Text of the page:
Age 66. Baby boomers born between 1943 and 1954 qualify for the full amount of Social Security they have earned at age 66. For those born between 1955 and 1959, the full retirement age gradually increases from 66 and two months to 66 and 10 months. Once you reach your full retirement age, you will also be able to work and claim Social Security payments at the same time without having any of your payment withheld.
Age 67. The Social Security full retirement age is higher for younger workers. Eligibility for unreduced Social Security payments for workers born in 1960 or later begins at age 67.
Age 70. Social Security payments continue to grow by 8 percent per year for each year you delay claiming up until age 70. "The longer you can postpone it up until age 70, the better, especially if you have longevity in your family," says Botsford. Your spouse could also benefit if you delay claiming Social Security. "If someone waits until age 70, when they pass away, their spouse will be able to continue that higher benefit for the remainder of their life," says Tomlinson. After age 70, there is no additional benefit to delaying Social Security payments.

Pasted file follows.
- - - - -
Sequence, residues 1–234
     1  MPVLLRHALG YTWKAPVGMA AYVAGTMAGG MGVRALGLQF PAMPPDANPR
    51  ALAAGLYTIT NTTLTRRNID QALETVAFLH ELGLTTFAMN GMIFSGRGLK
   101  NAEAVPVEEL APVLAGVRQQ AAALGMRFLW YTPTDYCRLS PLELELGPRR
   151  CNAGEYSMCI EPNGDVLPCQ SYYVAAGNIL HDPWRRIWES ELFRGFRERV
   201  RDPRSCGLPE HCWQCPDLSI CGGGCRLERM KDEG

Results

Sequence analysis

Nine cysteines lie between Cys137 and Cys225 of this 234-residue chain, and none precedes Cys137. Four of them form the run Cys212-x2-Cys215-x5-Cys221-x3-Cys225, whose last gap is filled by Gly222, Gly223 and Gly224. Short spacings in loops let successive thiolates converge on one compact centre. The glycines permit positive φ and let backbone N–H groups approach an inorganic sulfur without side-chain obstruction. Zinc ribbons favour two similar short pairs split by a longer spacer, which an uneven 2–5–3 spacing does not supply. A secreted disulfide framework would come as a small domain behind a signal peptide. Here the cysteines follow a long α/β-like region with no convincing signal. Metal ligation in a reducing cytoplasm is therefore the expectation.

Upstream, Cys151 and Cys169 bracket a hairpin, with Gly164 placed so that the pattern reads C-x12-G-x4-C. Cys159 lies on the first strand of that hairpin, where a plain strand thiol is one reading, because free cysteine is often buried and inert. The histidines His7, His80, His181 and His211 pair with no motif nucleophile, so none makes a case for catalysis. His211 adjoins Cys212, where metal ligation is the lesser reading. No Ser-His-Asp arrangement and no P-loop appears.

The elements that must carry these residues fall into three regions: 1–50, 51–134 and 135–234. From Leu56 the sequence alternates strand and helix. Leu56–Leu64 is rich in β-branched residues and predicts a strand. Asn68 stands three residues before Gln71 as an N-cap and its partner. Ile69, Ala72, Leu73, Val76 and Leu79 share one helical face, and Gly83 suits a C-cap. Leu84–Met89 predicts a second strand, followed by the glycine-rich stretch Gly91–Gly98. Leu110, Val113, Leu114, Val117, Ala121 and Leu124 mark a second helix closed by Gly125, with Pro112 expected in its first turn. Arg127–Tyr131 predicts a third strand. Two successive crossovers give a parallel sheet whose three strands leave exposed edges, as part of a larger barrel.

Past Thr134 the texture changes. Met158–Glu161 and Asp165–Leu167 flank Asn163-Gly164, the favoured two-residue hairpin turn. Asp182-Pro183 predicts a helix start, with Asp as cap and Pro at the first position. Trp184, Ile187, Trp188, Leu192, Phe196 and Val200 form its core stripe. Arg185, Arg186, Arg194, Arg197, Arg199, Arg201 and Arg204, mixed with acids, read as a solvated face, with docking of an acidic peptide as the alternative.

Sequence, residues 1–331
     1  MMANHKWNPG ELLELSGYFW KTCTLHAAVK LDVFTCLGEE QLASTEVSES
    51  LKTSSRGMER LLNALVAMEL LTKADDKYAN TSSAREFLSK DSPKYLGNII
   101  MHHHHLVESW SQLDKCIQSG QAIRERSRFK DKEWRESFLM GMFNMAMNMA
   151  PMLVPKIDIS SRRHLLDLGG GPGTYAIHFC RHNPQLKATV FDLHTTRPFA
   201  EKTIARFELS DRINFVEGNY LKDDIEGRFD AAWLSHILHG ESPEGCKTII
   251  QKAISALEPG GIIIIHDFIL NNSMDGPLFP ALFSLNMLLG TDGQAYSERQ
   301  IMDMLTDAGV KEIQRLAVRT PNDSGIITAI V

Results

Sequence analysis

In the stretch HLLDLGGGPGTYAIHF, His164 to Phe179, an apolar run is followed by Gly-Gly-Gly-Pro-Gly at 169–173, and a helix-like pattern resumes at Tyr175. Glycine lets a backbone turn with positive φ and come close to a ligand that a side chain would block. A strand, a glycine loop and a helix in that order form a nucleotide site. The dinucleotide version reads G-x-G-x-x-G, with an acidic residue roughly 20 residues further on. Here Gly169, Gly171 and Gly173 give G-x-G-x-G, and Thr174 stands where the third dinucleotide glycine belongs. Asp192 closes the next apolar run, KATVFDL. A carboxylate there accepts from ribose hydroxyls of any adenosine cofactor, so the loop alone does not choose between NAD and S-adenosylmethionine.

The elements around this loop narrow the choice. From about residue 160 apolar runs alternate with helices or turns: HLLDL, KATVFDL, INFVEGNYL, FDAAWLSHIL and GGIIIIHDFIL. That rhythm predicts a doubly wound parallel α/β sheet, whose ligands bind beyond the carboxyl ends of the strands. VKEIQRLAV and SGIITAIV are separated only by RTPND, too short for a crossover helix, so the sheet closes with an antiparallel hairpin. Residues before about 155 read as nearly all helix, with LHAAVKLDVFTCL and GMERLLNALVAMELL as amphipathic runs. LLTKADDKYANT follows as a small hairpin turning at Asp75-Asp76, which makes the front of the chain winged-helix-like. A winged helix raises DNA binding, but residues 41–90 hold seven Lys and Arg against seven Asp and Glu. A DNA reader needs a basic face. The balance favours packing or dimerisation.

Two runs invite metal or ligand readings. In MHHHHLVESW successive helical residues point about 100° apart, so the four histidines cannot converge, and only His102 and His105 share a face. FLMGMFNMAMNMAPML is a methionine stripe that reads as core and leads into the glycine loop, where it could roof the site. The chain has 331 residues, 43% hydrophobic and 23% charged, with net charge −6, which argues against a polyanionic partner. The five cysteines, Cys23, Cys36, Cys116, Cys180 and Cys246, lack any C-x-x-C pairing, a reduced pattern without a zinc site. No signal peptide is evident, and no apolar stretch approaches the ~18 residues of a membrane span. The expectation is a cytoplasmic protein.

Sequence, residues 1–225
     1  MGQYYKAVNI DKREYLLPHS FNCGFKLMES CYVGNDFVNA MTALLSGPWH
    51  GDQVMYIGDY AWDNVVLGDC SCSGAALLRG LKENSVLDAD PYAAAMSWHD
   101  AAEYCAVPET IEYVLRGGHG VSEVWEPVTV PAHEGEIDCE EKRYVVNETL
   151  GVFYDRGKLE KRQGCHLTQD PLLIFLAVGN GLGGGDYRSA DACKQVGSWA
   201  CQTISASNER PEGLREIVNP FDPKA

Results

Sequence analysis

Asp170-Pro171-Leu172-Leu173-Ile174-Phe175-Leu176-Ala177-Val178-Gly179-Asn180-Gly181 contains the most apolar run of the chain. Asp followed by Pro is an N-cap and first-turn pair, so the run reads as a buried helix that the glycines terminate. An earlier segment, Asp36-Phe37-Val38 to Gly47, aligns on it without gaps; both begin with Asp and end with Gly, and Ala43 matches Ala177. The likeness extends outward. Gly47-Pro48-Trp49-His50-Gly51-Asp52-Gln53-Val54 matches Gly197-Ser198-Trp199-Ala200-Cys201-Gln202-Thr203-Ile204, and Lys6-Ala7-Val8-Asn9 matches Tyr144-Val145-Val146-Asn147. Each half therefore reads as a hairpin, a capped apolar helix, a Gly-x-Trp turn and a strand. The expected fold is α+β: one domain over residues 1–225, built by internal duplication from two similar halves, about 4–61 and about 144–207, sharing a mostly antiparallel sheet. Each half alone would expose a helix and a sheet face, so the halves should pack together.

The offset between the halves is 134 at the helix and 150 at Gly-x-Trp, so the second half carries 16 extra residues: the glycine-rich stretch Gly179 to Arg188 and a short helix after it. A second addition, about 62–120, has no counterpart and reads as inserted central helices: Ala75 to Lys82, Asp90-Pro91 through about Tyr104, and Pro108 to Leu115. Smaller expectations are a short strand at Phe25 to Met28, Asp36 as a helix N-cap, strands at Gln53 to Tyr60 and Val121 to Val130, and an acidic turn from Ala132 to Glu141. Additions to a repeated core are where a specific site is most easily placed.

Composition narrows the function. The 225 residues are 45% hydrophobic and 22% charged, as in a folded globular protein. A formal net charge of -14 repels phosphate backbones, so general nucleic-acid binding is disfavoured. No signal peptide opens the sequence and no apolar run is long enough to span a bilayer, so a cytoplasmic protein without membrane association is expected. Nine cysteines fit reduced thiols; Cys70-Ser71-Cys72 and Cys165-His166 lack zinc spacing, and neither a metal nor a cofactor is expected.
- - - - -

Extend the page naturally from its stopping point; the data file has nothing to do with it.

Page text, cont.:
Age 70½. Withdrawals from 401(k)s and IRAs become required after age 70½. If you don't withdraw the correct amount, you will be required to pay a 50 percent excise tax on the amount that should have been taken out. The first distribution is due by April 1 of the year after you turn 70½. After that, annual withdrawals will be required by December 31 each year. If you delay your first withdrawal until April, you will need to take two distributions in the same year. "If you delay taking that first one, you are bunching up two years' worth of distributions into one tax year and you are going to have to be comfortable with whatever the tax impact of that is going to be," says Gerald Wernette, director of retirement plan services at Rehmann in Farmington Hills, Mich. In some cases, two distributions in the same year could push you into a higher tax bracket.